It is possible to increase the temperature of boiling water by using a pressure cooker. A pressure cooker is a cooking pot made from heavy-gauge metal that can withstand high pressure. It consists of a top and bottom that can be locked together. The device usually has a pressure regulator, and a vent or blowout plug.

The blowout plug is an emergency valve. If the pressure gets dangerously high inside the cooker, it can be released through this plug. Pressure cookers allow the water inside to reach a temperature as high as 250° F (120° C). This way, the beans cook in less than half the usual time, about 30 minutes. It will take you about 40 minutes to cook the brown rice and steam the fresh broccoli and carrots.

Assignment: Plan an entire healthy meal. Be sure to include at least two cooked vegetables, plus one raw vegetable. Corn is a grain, not a vegetable. Describe what you cook the food in, and how it is prepared.

You heard your father mention that they were going to buy some new dishes, a new door with new hinges, a new rug with grip on the bottom, battery operated clocks with spare

Batteries, and some tea bags. When they return you will all have a relaxing cup of peppermint tea. How do we get the tea from the tea bags?

Permeability- What is it?

Permeability is the ability of a substance to pass through pores and openings. Crushed tea leaves are measured into a filter paper and sealed on all sides. It is placed in a tea cup and boiling water is poured over it. Essential oils and flavors of the tea leaves pass through the porous filter tea bag into the cup. The tea bag is then removed and sweetener is added.


Your parents are back home from shopping and its tea time, then bedtime.

If possible, make a cup of tea for each student.

11:00pm to 6:00am

While you are asleep, there are things still going on in your home. House alarms, refrigerators and more are working. It will be up to you students to discover or create the rest.

Story Follow-up: Follow up Strategy (Cause and Effect)

Have the students complete a “Cause and Effect” Chart. At the end of the unit each student should be able identify many causes and effects from the story. Look back at the KWL.

Conclusion and Assessment:

Place a light nutritional snack in your newly made plate and cup like water (cup)

and some apple slices and whole grain crackers (plate). If your containers hold

these items long enough for you to consume them, you have done great!

Final Project

Have each individual or group of students invent something that could be used to improve or remove the disasters in their time period, or fix or improve something that has already been invented.

Some of the Science Performance Standards that will be included in this unit are listed below.

Science Standards

Performance Standards 1.1 & 1.2

Students will acquire and practice the ability to do scientific inquiry. (a-e)

Students will acquire and practice the ability to understand scientific inquiry. (a-e)

Performance Standards 2.1, 2.2, 2.3,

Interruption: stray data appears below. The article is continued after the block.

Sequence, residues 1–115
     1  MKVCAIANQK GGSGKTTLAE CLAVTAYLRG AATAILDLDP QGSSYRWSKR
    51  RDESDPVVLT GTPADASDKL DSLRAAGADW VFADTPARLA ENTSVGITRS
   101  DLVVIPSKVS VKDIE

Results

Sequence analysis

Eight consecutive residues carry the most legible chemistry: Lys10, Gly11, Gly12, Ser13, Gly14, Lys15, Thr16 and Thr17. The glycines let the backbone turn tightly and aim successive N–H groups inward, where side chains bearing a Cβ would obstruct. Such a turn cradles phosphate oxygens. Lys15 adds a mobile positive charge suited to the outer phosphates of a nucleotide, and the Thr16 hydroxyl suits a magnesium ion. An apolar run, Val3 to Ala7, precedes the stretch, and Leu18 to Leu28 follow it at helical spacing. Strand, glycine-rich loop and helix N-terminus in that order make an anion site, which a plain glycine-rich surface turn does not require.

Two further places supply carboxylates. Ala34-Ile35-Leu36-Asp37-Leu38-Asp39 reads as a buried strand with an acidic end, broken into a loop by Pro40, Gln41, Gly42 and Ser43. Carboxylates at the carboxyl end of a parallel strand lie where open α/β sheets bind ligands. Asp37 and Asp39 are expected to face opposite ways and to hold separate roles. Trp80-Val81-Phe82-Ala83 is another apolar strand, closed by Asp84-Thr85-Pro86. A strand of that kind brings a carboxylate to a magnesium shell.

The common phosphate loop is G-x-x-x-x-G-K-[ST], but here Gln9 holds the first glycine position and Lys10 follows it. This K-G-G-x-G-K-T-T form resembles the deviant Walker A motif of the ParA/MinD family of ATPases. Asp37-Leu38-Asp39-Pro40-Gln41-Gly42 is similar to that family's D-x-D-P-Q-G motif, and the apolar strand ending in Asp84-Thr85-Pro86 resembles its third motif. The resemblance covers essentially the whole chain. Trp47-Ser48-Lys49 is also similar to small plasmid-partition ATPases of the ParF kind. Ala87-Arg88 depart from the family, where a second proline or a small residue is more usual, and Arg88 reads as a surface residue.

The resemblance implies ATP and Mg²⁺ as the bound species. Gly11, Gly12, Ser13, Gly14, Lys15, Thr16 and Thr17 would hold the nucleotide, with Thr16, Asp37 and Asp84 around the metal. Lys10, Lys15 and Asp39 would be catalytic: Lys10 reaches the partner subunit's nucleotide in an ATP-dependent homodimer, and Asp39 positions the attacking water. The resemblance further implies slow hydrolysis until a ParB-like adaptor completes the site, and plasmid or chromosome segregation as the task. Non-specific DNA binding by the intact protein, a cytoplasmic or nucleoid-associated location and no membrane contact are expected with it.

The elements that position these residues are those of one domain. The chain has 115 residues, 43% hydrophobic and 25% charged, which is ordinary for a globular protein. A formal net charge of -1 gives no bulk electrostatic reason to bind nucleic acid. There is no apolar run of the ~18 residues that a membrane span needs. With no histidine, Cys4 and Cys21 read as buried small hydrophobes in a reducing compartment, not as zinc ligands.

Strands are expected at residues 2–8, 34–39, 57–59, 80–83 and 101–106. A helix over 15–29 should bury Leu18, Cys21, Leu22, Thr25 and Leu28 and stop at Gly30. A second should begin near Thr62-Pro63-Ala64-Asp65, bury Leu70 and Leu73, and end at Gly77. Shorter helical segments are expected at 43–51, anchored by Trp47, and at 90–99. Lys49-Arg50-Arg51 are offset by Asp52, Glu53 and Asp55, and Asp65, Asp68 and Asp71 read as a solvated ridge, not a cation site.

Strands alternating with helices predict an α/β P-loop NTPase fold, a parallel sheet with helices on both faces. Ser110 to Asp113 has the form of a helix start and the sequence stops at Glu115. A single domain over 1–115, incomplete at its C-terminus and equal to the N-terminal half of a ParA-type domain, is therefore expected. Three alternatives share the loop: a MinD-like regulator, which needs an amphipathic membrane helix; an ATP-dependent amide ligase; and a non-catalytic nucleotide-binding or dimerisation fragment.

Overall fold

Students will identify objects and materials with rich verbal description. (a-e)

Students will understand that objects have position and motion, and that forces can cause change to these objects. (a-d)

Students will understand the fundamental concepts of the transfer of energy. (a & c)


Teachers Annotated Reading List

Friedhoffer, Bob, Physics Lab in a Housewares Store, New York: Franklin Watts, 1978. This book contains easy, environmentally safe, experiments and clear explanations of basic scientific principles.

Hillman, Howard, Kitchen Science Revised Edition, Boston: Houghton Mifflin, 1989. This book contains experiments and demonstrations using kitchen objects. In the kitchen there are many opportunities to have teachable science moments.

Macaulay, David, The New Way Things Work, Boston: Houghton Mifflin, 1998. This book contains many pictures of gadgets, machines, and other items, and how they all work.

Schmidt, Victor E. and Rockcastle, Verne N., Teaching Science with Everyday Things, Fresno, California: AIMS Education Foundation, 1995. This book contains science objectives, skills and habits to be developed, facts and principles to be taught, and attitudes and appreciations to be encouraged.

Students Annotated Reading List

Baker, W. & Haslam, A. Make it Work! Machines. New York: Scholastic, 1994. This book contains things the children can build themselves that move.

Cassidy, John, Explorabook: A Kid's Science Museum in a Book, Palo Alto, CA.: Klutz Press, 1991

Cobb, V. I See Myself, Scranton, PA.:Harper Collins, 2002. This book contains exploration with mirrors, nature, and man-made objects.

Friedhoffer, Bob. Physics Lab in a Hardware Store, Franklin Watts: New York, NY, 1996. This book is a resource for the concepts of simple machines.

Lafferty, P. Eyewitness Science: Force and Motion. New York: Dorling-Kindersley, 1992. This book contains great photographs and explanations of how and why things move.

Vancleave, Janice. Physics for Every Kid: 101 Easy Experiments in Motion, Heat, Light, Machines, and Sound. John Wiley and Sons, Inc., 1991. This book contains detailed, but simple experiments for children.

York, Penny, Experiment Cards, New York: DK A Penguin Company. http://www.scholastic.com/magicschoolbus/games/teacher/sound/print.htm

to top

Contents of 2003 Volume IV | Directory of Volumes | Index | Yale-New Haven Teachers Institute

© 2016 by the Yale-New Haven Teachers Institute
Terms of Use Contact YNHTI